Use this URL to cite or link to this record in EThOS: https://ethos.bl.uk/OrderDetails.do?uin=uk.bl.ethos.792577
Title: Identifying trust properties and developing trusted systems for end-to-end trust
Author: Yap, Jiun Yi
ISNI:       0000 0004 8499 2157
Awarding Body: Royal Holloway, University of London
Current Institution: Royal Holloway, University of London
Date of Award: 2016
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Abstract:
End-to-end trust is regarded as a game changer for the assurance of distributed and heterogeneous computing environments. It refers to the collection of technologies, user behaviours, implementations and infrastructures that can enable a predictable level of trust in the computing environment. In order to establish endto-end trust, we first need to identify trust properties that reflects the make up of a trusted system. This is followed by the development of this trusted system that spans hardware, software, people and data. The first part of the thesis reports our work on identifying trust properties. We first describe a study that looks at how computer users perceive trust notions and the relationship between these perceptions and the stake involved in practical Information Technology scenarios. This work provides an up-to-date understanding of trust notions. Then, to address the challenge of describing the make up of a trusted system, we offer a novel causality-based model. This model represents information about the dependencies between trust notions, capabilities, computing mechanisms and their configurations. We also introduce a new approach to attestation which is founded on the use of provenance data. A complete design of this attestation technique is given. This is followed by building key mechanisms to explore implementation approaches to provenance-based attestation. The second part of the thesis looks at the challenges of developing trusted systems which contain the building blocks of trust properties. We develop an ontology that describes the capabilities of a computing device secured with the Trusted Platform Module (TPM) 2.0. The aim is to enable experts to share a common understanding of such technologies with developers using a standard vocabulary. We then develop a use scenario of TPM 2.0 and investigate the use of threat modelling on this scenario. Finally, we look at using TPM 2.0, as a building block of trust properties, in a modern system and propose a framework for para-virtualizing TPM 2.0.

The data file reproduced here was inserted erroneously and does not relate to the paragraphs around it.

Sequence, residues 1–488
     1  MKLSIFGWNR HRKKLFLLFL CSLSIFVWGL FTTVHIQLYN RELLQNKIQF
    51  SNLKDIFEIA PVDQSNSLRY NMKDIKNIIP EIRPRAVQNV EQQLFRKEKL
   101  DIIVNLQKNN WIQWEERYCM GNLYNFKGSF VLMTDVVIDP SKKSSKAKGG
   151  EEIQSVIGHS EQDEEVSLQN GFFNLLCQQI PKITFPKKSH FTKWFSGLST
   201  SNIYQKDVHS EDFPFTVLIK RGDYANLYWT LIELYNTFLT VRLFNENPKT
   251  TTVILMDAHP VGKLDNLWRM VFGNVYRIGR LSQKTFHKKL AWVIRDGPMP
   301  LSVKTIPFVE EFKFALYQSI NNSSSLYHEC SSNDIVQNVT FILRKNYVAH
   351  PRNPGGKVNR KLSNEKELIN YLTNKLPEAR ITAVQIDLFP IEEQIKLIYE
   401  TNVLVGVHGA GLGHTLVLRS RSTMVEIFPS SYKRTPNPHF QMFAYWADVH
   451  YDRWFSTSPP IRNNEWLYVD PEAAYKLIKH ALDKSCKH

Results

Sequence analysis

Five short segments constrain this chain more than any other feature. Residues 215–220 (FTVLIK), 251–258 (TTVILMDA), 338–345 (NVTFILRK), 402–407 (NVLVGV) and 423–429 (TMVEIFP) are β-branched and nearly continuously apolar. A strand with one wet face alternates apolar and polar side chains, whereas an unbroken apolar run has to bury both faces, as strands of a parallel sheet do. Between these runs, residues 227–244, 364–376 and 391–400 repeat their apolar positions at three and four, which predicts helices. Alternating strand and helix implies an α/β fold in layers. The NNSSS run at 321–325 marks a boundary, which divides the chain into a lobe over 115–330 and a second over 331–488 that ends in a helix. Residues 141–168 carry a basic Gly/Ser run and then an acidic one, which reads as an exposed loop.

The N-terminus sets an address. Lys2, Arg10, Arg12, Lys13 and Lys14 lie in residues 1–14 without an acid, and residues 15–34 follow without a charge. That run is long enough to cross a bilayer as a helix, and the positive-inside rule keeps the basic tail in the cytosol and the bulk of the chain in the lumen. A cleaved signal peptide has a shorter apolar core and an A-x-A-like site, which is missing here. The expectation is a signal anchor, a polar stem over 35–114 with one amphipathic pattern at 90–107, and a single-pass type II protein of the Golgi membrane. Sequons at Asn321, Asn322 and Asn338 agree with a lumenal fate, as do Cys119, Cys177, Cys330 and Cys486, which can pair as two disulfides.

Supervisor: Not available Sponsor: Not available
Qualification Name: Thesis (Ph.D.) Qualification Level: Doctoral
EThOS ID: uk.bl.ethos.792577  DOI: Not available
Keywords: Trusted Computing
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